The best community involvement  I seem to be able to do is sign up for a class at JoAnn Fabrics or look for a book club on Craigslist.  There is almost nowhere I can go by myself to just hangout.  The movies is the best I can come up with but still that’s kind of lame.  The problem of not having a third place is that you end up either alone or  surrounded by people who only think like you do. You never feel a real sense of belonging or sacrifice for the group.  Oldenburg says “The effect of the third place is to raise participants spirits and it is an effect that never totally fades.  Third place interaction is a matter of ‘making other people’s day’ even as they make one’s own in a situation where everyone gains.” As you interact together the patrons of the third place also get to see one another in a positive, happy light, instead of the grim view often found at work or are in other interactions together.  Think about it if you had shared a Coke with a new friend- would you feel as inclined blow up at them if they cut you off in traffic?  No.  We have lost both a sense of authentic community and an outlet for free expression in our country, and I think it has consequences. For one, President Obama’s election (for better or worse) was certainly helped by the underlying need for community activism that he successfully tapped into.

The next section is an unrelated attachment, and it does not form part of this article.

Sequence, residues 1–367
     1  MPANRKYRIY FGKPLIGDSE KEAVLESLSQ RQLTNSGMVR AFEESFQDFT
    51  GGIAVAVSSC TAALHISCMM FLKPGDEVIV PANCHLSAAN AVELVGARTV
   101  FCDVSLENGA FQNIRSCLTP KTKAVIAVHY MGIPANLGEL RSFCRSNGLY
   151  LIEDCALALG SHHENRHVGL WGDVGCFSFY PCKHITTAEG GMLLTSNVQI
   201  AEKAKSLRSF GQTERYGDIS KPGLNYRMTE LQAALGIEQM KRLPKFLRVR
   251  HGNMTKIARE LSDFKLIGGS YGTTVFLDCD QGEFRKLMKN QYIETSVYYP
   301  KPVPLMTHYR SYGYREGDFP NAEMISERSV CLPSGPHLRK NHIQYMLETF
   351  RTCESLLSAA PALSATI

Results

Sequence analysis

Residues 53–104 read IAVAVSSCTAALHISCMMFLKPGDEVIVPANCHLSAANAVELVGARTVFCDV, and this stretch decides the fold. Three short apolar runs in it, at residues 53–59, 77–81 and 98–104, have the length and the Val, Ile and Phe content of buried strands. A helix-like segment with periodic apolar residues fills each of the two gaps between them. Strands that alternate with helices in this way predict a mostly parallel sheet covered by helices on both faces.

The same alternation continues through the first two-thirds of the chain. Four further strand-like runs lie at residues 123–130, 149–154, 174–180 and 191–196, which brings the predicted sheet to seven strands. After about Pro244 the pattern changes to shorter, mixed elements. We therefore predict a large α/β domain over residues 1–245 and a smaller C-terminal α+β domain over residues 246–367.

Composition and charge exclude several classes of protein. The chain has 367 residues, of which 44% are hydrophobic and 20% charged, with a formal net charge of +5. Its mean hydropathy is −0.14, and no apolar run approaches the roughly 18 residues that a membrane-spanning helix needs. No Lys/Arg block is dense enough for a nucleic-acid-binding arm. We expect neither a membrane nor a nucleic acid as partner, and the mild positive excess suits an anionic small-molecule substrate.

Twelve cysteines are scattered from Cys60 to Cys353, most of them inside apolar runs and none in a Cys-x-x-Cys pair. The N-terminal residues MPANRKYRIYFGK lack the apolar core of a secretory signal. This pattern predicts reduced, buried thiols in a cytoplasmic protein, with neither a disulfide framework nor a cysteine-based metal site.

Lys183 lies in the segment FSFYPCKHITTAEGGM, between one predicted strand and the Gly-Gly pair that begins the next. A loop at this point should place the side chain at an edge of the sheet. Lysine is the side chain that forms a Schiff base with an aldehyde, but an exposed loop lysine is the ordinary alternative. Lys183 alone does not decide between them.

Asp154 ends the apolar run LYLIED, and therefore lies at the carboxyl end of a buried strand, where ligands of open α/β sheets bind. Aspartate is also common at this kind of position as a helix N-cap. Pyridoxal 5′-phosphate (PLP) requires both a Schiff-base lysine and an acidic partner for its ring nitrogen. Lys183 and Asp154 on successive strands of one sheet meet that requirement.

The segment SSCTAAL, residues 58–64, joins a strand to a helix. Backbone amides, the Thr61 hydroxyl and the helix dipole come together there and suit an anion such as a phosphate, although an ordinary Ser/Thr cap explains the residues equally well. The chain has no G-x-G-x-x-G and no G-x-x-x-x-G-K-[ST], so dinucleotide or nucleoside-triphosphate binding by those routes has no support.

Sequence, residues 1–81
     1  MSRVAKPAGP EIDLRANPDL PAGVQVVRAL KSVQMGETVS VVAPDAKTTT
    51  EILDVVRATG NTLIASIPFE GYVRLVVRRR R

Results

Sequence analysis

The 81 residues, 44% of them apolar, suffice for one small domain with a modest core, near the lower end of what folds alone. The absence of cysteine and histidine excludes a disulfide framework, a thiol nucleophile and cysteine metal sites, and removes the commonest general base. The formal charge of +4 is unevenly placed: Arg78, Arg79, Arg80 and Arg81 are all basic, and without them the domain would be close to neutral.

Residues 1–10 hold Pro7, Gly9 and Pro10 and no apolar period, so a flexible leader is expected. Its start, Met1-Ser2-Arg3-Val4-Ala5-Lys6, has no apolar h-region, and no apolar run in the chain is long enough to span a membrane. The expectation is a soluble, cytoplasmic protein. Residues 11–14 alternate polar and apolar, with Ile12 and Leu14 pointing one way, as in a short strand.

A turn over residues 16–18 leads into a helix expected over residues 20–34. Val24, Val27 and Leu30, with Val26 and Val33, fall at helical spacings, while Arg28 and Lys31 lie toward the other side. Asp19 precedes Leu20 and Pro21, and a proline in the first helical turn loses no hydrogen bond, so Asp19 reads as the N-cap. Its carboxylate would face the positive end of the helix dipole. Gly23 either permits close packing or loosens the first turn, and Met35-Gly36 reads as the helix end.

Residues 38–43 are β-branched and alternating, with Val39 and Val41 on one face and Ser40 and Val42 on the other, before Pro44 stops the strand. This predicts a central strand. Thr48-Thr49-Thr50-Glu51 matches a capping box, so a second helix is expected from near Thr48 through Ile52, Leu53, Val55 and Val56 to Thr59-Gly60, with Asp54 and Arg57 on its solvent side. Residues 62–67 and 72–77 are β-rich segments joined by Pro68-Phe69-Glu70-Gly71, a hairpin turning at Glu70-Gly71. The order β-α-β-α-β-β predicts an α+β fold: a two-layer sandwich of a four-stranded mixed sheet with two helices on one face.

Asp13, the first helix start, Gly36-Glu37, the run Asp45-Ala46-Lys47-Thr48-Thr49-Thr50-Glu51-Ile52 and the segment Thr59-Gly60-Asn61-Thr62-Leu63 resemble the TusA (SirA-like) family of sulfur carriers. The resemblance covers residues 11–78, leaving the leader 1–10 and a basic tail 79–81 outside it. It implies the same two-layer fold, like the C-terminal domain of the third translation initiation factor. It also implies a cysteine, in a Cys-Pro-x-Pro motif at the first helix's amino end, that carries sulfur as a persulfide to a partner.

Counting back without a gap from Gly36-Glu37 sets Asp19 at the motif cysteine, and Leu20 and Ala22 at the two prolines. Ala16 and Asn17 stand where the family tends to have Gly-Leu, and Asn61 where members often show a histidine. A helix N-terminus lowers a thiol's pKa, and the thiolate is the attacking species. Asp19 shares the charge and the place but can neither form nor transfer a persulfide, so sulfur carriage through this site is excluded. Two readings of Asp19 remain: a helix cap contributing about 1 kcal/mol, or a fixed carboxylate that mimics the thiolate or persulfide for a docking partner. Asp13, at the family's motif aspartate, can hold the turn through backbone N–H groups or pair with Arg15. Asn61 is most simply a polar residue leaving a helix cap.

In Bowling Alone, a similar vein of thought is followed.  Instead of third places Putnam follows the registration numbers of civic organizations, clubs, and bowling leagues.  Groups such as the Lions Club, Masons, Elks Lodge, League of Women Voters, etc have all seen declining memberships  since the 50’s when they peaked.  Putnam says the old members didn’t drop out “but community organizations were no longer continuously revitalized as they had been in the pst, by freshets of new members”.  Even membership in the PTA has gone down every year since the 1960’s.  This may seem like a meaningless statistic but it has many ramifications.  For instance, the philanthropy encouraged by such organizations declines. “Altruism of all sorts is encouraged by social and community involvement.  Churchgoing and clubgoing, for example are among the strongest predictors of giving blood…To predict whether I am likely to give time, money, blood, or even a minor favor, you need to know, above all how active I am in community life and how strong my ties to family, friends and neighbors are”.